Nonviolence means avoiding not only external physical violence but also internal violence of spirit. You not only refuse to shoot a man, but you refuse to hate him. Martin Luther King Jr.
Meditation: My teenage girls come home from school sometimes bruised emotionally, sometimes even physically. Somebody bumped into them. Somebody pushed them. A group of friends excluded them. Some teenagers are even bullied, threatened physically or beaten. A space “free from violence and hate” is a rare experience. Additionally children often do not experience their home as a place of refuge. Bickering, fighting, arguing and ongoing conflict are part of many children’s and teenagers’ experience of adult behavior. And now even the language of our president is filled with profanity, aggression and enemy speech. As aware parents we try to make our children feel safe, show them respect and teach them respect. We believe this will determine how they will respond to the violence they encounter. When my daughter came home today bruised physically and emotionally, instead of going to the feeling of hate, she was able to express the more vulnerable feelings of anger and sadness. She was upset that those she trusted betrayed her trust. I told her “I am glad you know that this behavior was wrong and that you deserve better.”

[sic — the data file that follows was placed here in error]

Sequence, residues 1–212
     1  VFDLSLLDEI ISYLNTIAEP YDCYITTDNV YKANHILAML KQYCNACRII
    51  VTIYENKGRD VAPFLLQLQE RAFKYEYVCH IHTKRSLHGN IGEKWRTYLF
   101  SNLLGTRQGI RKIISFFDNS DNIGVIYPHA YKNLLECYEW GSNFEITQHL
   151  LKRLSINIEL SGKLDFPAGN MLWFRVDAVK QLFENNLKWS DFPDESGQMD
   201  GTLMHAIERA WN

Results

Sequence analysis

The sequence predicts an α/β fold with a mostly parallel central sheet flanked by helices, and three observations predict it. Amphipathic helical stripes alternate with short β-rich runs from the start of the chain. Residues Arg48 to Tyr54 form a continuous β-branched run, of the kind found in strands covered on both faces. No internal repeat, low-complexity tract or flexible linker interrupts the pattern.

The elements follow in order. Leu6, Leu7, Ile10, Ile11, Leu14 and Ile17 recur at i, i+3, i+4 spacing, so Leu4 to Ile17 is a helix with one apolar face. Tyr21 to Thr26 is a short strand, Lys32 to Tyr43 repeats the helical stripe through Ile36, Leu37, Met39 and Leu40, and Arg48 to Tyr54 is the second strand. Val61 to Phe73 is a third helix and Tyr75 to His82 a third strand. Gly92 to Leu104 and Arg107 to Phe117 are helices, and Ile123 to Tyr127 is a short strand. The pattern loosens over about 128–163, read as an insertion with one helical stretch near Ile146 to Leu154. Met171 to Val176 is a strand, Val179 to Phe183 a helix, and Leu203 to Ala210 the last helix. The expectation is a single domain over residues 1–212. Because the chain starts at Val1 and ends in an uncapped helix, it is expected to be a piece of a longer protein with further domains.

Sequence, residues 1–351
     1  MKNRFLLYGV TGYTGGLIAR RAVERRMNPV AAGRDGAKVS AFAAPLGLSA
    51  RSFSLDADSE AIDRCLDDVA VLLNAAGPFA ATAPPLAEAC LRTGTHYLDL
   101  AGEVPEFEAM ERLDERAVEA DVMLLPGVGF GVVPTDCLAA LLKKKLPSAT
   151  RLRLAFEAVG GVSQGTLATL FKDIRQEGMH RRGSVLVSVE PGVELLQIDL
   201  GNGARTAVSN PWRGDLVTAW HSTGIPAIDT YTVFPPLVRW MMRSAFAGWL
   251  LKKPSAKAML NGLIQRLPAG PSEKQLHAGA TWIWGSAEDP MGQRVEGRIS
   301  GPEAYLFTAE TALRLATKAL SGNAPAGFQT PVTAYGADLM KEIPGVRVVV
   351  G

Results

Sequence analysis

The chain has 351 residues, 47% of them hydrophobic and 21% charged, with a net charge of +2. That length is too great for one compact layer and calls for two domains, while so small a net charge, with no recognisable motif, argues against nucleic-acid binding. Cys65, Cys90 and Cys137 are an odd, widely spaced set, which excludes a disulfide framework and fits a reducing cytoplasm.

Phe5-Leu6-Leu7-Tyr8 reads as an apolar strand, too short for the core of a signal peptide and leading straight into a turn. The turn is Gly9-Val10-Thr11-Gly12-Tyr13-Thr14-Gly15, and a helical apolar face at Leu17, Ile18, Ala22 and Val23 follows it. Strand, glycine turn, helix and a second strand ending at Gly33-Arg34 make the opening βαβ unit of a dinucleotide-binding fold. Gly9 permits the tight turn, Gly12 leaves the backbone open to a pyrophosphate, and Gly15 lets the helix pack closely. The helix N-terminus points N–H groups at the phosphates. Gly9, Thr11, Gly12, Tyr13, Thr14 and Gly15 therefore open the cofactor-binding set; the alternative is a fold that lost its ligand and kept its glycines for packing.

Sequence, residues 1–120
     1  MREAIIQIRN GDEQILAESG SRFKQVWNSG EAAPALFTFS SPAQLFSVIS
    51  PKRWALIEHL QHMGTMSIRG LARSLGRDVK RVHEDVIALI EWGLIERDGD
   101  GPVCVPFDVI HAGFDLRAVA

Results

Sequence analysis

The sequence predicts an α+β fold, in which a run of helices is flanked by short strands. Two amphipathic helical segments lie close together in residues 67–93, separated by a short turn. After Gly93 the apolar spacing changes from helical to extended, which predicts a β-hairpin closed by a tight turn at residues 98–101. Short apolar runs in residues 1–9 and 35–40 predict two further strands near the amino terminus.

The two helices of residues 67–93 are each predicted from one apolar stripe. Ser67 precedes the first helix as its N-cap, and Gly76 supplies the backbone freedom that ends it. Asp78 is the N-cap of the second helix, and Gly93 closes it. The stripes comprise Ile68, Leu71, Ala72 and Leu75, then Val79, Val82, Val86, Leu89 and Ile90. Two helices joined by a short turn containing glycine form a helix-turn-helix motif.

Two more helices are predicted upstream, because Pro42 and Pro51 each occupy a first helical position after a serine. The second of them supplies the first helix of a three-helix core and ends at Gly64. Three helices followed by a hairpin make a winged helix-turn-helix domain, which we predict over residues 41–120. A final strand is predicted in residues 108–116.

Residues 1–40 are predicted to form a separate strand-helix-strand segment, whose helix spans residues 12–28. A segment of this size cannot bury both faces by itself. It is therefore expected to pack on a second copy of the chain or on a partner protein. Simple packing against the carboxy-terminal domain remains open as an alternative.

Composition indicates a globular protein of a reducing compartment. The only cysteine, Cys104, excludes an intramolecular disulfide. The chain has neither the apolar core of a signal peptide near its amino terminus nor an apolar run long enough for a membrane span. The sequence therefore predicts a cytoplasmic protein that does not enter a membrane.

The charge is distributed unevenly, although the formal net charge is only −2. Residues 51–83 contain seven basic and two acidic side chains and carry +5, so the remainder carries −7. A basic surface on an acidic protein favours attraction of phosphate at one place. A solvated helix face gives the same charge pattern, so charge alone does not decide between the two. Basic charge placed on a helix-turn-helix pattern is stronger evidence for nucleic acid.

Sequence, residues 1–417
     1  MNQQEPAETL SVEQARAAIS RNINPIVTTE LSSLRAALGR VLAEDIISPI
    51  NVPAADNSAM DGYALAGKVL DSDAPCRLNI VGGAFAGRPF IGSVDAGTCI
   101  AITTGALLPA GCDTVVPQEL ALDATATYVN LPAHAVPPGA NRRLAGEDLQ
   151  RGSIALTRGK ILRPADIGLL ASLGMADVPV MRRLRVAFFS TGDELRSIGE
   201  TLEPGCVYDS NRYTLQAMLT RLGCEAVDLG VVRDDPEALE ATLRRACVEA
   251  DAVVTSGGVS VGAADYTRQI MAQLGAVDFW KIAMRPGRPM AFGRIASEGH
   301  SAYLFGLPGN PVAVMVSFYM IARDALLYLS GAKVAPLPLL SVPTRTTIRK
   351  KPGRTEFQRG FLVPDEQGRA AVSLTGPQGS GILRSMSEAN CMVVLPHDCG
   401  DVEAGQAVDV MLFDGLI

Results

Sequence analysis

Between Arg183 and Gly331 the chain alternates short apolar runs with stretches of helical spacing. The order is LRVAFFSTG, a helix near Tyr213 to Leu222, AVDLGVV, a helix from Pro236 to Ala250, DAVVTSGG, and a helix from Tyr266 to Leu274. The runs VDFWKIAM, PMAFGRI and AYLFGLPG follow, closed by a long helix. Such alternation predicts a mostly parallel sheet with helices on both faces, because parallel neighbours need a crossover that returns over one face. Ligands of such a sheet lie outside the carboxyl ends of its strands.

Prayer: Gracious God, we cannot protect our children from every harm. We cannot prevent them from encountering injustice. However, as we ground ourselves in you, we can let them experience safety, love and respect as a way of responding to experiences of injustice and feelings of hate. God, help us to not commit internal violence. Help our spirit to refuse to hate and help us teach our children not to allow the poison of hate to enter their bodies, minds and spirits. Amen
Peace I leave with you; my peace I give you. I do not give to you as the world gives. Do not let your hearts be troubled and do not be afraid. John 14:27